Interestingly, the home phone would have been fine had we been using a retro 1950’s-era handset. We’ve now purchased one to keep around the house for next time. Sometimes simpler is better, even if you can’t see the caller ID.

After the storm, who was it who restored our comfort infrastructure, removed fallen trees, and repaired broken houses and fences? Primarily, it wasn’t us technology nerds — it was the electricians, the carpenters and the plumbers. How we do appreciate them! Fortunately, those people in return also appreciate the software, smartphones, PDAs, and other wonders that our industry produces that help them in their own work and leisure, which makes us feel good about being able to contribute something useful back, and so we all get to live in a mutual admiration society.

Thanks for the thought, John. Oh, and Cheers!

Migrant Technology Workers

Today, Slashdot is running an article on immigration. The discussion thread has some interesting notes (though, alas, the signal-to-noise seems to be noticeably lower than usual when reading at +5 — this seems to be quite a politically charged topic).

It reminds me of something that happened two years ago at the ACCU conference. I was on a panel that seemed innocuous enough, until one of the questions raised was immigration: ‘Is it a Good Thing or a Bad Thing that people come from other countries in order to do high-tech work here?’ I’d been peripherally aware that this debate was going on in America, was interested to observe that it was also going on in the UK, and was quite surprised at what a hot button it had become. There sure was a lot of discussion with fervent opinions in both directions.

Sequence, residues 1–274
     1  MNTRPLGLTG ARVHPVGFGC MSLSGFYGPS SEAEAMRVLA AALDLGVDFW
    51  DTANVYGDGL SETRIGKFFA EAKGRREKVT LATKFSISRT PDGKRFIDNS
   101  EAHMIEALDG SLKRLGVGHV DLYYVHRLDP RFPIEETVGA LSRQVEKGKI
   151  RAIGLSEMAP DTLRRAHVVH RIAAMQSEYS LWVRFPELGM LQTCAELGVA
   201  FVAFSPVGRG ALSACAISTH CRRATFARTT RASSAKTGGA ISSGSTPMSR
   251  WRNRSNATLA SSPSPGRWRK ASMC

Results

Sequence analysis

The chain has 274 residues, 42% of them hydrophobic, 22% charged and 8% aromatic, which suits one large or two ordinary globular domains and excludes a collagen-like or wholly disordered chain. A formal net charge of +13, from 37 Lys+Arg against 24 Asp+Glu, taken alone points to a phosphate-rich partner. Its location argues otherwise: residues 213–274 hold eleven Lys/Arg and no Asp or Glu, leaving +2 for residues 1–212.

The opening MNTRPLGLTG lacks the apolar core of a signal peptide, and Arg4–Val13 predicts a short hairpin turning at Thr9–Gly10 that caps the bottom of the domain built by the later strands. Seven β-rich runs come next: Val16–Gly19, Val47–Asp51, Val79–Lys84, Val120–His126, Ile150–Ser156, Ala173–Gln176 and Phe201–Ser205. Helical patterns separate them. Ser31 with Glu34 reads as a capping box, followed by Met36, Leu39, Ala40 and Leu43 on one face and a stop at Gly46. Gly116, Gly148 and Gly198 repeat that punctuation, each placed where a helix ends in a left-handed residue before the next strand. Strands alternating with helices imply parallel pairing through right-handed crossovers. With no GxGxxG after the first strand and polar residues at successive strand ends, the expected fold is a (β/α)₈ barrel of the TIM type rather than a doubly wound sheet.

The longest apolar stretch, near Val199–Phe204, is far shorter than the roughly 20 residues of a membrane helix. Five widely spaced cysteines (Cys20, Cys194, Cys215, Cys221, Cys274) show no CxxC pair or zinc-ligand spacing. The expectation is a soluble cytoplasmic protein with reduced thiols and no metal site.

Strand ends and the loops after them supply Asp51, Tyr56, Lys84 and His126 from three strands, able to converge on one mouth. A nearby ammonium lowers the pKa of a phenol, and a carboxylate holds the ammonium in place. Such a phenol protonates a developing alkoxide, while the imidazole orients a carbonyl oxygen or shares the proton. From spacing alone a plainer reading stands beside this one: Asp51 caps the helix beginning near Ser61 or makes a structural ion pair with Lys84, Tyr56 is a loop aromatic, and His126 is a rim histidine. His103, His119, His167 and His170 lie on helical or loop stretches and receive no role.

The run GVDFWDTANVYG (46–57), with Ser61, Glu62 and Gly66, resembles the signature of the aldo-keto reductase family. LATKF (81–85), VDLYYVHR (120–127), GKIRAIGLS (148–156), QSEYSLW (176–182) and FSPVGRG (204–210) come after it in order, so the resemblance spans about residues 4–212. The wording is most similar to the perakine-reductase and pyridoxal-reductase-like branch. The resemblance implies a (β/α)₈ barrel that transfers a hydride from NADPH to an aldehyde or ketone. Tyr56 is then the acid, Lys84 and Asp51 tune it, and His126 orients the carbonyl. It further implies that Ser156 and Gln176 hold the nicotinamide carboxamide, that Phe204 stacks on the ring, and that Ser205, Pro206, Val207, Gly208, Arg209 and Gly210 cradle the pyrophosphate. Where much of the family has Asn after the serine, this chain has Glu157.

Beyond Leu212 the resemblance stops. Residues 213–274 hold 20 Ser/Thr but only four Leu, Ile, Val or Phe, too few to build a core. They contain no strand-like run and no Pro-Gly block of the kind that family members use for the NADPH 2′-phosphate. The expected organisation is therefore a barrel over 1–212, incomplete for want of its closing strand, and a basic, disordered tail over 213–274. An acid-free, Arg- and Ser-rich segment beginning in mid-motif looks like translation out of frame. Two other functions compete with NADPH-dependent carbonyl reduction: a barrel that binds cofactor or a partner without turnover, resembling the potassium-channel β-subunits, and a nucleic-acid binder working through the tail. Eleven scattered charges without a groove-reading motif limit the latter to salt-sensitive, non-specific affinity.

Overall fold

I don’t have an opinion either way on the issue, but I just thought I’d share an interesting (I hope) observation about perspective, as someone who is from Canada and now lives and works in the United States and thinks well of both places and the people in them: It’s interesting to me that in America (as in Canada), I have seen concerns like this about immigration and people coming from elsewhere to perform domestic professional jobs. I can understand the feelings behind those concerns. On the other hand, during the 35 years I lived in Canada I saw equally frequent and vocal concerns about emigration and the "brain drain" of professionals leaving Canada for the United States — notably doctors and high-tech folks, but we did lose a lot of actors too. And Bill Shatner. (Just kidding; I like Shatner.)

Isn’t it interesting that when a skilled person moves, some people in the country they’re joining are worried that they’re arriving, and some people in the country that they’re leaving are equally worried that they’re going?

Just a thought. Back on Slashdot, though, my favorite comment was:

"Mr Gates did mention that 640K skilled immigrants ought to be enough for USA."

Maybe till January 18/19, 2038. :-)

Welcome to Silicon Miami: The System-On-a-Chip Evolution